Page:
High energy methods cannot be used for some cases, especially for labile molecules and if there is a limited access to their respective expensive equipments. In these cases, low energy emulsification methods, such as spontaneous emulsification or phase inversion are employed. Bouchemal et al. prepared nanoemulsions by injecting oil phase solution in a water miscible organic solvent, e.g. alcohols, into aqueous phase under magnetic stirring [18]. Diffusion of organic solvent into the external aqueous phase leads to the formation of nanodroplets. Fernandez et al. proposed the method of phase inversion temperature for polyoxyethylene type non-ionic surfactants [4]. Increasing emulsion temperature over phase inversion point causes oil swollen droplets (o/w emulsions) transform into water swollen droplets (w/o emulsions). The system crosses a point of zero curvature and minimal interfacial tension promoting the formation of finely dispersed nanoemulsions.

     Nanoemulsion systems are routinely characterized for their particle size and surface properties (surface electrostatic charge and morphology). Size of nanoemulsion droplets determines their behavior both in vitro and in vivo. This can be measured using an ensemble (e.g., spectroscopic methods such as light scattering), counting (e.g., microscopy such as freeze fracture electron microscopy) or separation method (e.g., analytical ultracen-trifugation). Similar to particle size, surface charge of the nanoemulsion droplets has marked effect on the stability of the emulsion system and the droplets’ in vivo disposition and clearance. Conventionally, the surface charge on the emulsion droplets has been expressed in terms of zeta potential, which is routinely measured using a Zetasizer or the ZetaPlus instrument. As the emulsion droplets are a result of interfacial phenomenon brought out by surface active agents, their zeta potential is dependent on the extent of ionization of these surface active agents and counter-ion concentration. According to DLVO electrostatic theory, the stability of the colloid is a balance between the attractive van der Waals’ forces and the electrical repulsion because of the net surface charge. If the zeta potential falls below a certain level, the emulsion droplets will aggregate as a result of the attractive forces. Conversely, a high zeta potential (either positive or negative), typically more than 30 mV, maintains a stable system [17].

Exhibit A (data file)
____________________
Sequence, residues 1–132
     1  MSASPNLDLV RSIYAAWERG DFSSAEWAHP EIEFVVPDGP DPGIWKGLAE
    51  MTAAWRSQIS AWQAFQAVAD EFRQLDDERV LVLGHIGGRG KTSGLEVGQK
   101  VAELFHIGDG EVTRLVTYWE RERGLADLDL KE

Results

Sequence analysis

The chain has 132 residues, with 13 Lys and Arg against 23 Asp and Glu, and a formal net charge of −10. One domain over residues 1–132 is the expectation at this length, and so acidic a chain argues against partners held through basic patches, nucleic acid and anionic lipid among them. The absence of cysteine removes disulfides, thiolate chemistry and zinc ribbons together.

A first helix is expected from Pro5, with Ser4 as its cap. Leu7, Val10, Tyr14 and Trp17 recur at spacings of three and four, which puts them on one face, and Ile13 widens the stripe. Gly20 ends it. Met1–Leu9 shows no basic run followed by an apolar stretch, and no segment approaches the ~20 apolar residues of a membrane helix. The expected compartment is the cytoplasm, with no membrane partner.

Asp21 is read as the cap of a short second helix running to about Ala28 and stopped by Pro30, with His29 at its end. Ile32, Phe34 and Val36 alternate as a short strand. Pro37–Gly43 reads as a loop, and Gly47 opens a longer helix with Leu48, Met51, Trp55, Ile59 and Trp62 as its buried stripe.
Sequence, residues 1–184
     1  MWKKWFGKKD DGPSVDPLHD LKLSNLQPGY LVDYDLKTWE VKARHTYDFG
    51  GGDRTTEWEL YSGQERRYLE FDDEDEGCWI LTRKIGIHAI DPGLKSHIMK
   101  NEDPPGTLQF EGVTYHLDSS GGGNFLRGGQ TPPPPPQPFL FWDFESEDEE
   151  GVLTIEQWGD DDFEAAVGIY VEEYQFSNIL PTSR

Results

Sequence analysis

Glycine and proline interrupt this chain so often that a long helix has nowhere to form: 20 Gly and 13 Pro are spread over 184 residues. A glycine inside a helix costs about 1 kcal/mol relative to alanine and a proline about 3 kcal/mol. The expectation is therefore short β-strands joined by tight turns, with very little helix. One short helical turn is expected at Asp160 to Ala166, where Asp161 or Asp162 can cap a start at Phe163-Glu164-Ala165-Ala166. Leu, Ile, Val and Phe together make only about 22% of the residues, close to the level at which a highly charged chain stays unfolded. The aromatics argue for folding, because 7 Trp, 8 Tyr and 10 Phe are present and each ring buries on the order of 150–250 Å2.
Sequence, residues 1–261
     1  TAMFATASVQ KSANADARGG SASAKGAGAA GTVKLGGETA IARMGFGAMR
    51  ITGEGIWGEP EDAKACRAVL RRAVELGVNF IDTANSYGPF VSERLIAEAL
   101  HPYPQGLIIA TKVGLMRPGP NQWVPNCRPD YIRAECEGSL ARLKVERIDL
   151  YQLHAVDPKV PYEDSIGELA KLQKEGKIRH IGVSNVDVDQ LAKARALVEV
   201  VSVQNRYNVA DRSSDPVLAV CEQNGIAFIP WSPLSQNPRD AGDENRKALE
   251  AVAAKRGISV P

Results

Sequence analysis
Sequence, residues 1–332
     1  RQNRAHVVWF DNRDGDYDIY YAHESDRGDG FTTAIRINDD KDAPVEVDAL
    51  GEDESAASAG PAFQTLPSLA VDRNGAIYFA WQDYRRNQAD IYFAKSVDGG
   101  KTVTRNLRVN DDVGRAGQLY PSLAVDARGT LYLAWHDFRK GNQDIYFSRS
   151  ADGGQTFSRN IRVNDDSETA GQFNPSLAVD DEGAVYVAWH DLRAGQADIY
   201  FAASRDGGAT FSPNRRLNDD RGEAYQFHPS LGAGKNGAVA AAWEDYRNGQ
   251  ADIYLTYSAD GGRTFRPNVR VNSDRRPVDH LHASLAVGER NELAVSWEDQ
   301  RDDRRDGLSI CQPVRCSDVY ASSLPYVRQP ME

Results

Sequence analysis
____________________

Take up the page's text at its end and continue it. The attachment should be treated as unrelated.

2. Rationales for topical and transdermal applications of nanoemulsions

       Nanoemulsions have been formulated for a broad variety of topical and transdermal applications in fields of cosmetic, drug and gene delivery. They are generally advantageous because of low skin irritation, high drug loading capacity and potential for skin hydration and drug permeation enhancement. The previously reported publications considering topical and transdermal applications of nanoemulsions are categorized into cosmetic, drug and gene delivery sections.